Earlier this year Londonist contacted the parenting pressure group Fathers 4 Justice to see if we could get an interview with them.
We wanted to talk to them because it seems that many of their 'stunts' take place in the capital and Londoners tend to have very divided opinions on the group's methods as well as their aims.
The following is an email conversation we had with Martin Cook, a 44-year-old Finance Director of a construction services company.
Can you tell us how you got involved in the Fathers 4 Justice group?
Like most people, I had heard plenty of tales of how the “winner takes all” approach to divorce tended to favour mothers. However, nothing had prepared me for what I encountered during my divorce in 2001. At every stage of the proceedings it was abundantly clear that, contrary to the government’s mantra, it was the mother’s interests that were paramount. The children’s interests came a very poor second and the interests of anyone on the father’s side of the family were totally irrelevant – and this even included any children living with the father.
To make matters worse this is, of course, all done in secret, with the threat of contempt of court proceedings against anyone who has the temerity to publicise the injustice they have suffered. If the general public had any real inkling of what was going on they simply would not tolerate it.
I was aware of the existence of other equal parenting groups, but they seemed to fall into two camps – some providing a victim support service (which, to be fair, they probably do a lot better than F4J) and others politely campaigning for changes in the law, whilst being equally politely ignored by those in a position to change it.
I was not particularly interested either in being a victim or in futile campaigning. I was more interested in making sure that those responsible for the current state of affairs are held accountable for their actions and that there is a fundamental change in the law by the time my children have children of their own; so when Matt O’Connor founded F4J in December 2002, he was sowing seeds on very fertile ground as far as I was concerned.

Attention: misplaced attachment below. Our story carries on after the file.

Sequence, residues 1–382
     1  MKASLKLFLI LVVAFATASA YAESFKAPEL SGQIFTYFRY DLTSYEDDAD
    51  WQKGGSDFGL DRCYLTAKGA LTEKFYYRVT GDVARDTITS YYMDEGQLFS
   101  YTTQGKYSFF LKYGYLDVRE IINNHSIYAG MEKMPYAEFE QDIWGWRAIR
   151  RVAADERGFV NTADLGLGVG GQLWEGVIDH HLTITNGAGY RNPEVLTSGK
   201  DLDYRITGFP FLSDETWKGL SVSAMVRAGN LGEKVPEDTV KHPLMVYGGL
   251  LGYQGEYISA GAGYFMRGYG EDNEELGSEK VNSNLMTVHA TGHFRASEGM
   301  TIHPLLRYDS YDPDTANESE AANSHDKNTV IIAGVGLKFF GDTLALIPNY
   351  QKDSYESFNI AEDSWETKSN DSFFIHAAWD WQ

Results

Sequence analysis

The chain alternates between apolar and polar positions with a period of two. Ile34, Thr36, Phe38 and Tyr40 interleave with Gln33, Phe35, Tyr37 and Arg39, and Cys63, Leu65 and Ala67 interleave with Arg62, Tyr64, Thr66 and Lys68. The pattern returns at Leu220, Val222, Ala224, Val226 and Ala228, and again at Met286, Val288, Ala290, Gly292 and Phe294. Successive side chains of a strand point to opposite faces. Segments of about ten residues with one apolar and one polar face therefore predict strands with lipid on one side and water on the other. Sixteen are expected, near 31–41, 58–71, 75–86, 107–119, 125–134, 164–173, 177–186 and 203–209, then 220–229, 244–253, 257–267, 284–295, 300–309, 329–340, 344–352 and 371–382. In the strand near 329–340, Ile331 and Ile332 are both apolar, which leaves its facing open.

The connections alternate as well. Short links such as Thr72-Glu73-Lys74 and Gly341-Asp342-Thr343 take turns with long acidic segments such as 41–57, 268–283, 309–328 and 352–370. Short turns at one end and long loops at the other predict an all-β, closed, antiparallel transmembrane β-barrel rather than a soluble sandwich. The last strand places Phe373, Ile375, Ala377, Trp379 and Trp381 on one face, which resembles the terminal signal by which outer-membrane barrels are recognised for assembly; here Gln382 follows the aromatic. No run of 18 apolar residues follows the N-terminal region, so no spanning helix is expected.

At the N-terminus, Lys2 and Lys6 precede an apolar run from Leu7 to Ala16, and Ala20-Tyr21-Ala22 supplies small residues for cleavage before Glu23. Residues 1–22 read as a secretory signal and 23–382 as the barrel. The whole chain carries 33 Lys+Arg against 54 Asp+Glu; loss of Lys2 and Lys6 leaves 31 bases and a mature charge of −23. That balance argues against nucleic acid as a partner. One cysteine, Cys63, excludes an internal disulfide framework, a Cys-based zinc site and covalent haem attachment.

Can you sum up the Fathers4Justice 'philosophy' for us? Where did the 'superhero' idea originate?
F4J is an equal parenting group campaigning for a child’s right to see both parents and is committed to a twin-track strategy of ‘Publicity and Pressure’, combining non-violent direct action and civil disobedience with a coherent and compelling political message.
The superheroes campaign was devised by Matt O’Connor, who has a background in marketing and PR.
And do you think your 'protests' are acheiving their aim?
Despite the best endeavours of parenting groups over the past 30 years, there has been a continual erosion of a parent’s right to exercise their responsibilities towards the bringing up of their children. However, placing the spotlight on family law injustice through publicity, or as Gandhi said ‘making the injustice invisible’, has fired public debate and catapulted the problem of fatherlessness into the political agenda.
Do you ever worry that Londoners might start resenting you instead of siding with you?
The challenge is to keep finding new ways of shaming those responsible for the current state of affairs, whilst causing as little inconvenience to the general public as possible. This isn’t always as easy as it sounds. For example, as you may recall from the subsequent court case, the roads around Tower Bridge were not closed as a direct consequence of Spiderman’s protest (which, incidentally, was not an official F4J action) but because the authorities believed that maximising the level of disruption would result in a better prospect of conviction.
In any case, I am sure that all will be forgiven once we have succeeded in exposing the full horror of what is actually going in our family courts.
Can you give us any clues to any future protest plans you might have?
For obvious reasons, we tend to keep our plans to ourselves. However, I don’t think it is any secret that we will be targeting the Labour party in the run up to the election. By supporting the status quo they have put political expediency before the interests of our children. Most of the other major parties have shown at least some form of commitment to putting children’s interests first.
As people might only be aware of one element of what you do, can you give us an insight into what else F4J does?
We are continually involved in political lobbying of one kind or another and, whilst we are primarily a campaign group rather than a support group, we do whatever we can to help our members fight the system.
Some general London questions now: What would you say is the best place in London for a father and son/daughter outing?
It would have to be one of the big games at Highbury or a shopping expedition to the West End.
Ken Livingstone: Superhero or Evil Villain? (note: we asked these questions before the 'Nazi jibe' furore)
Well, he’s certainly no friend of F4J, but I would say more of a complete prat than an evil villain.
What have you always wanted to do/visit in London but never got round to?
I’d like to get to all of the major sporting venues for one of the big events - so far the only one I have managed to get to is Wembley for the Cup Final.
Three things that would improve our city?
Regenerating the poorer areas, sorting out the transport system and generally making sure that political correctness has much less influence in the decision-making processes.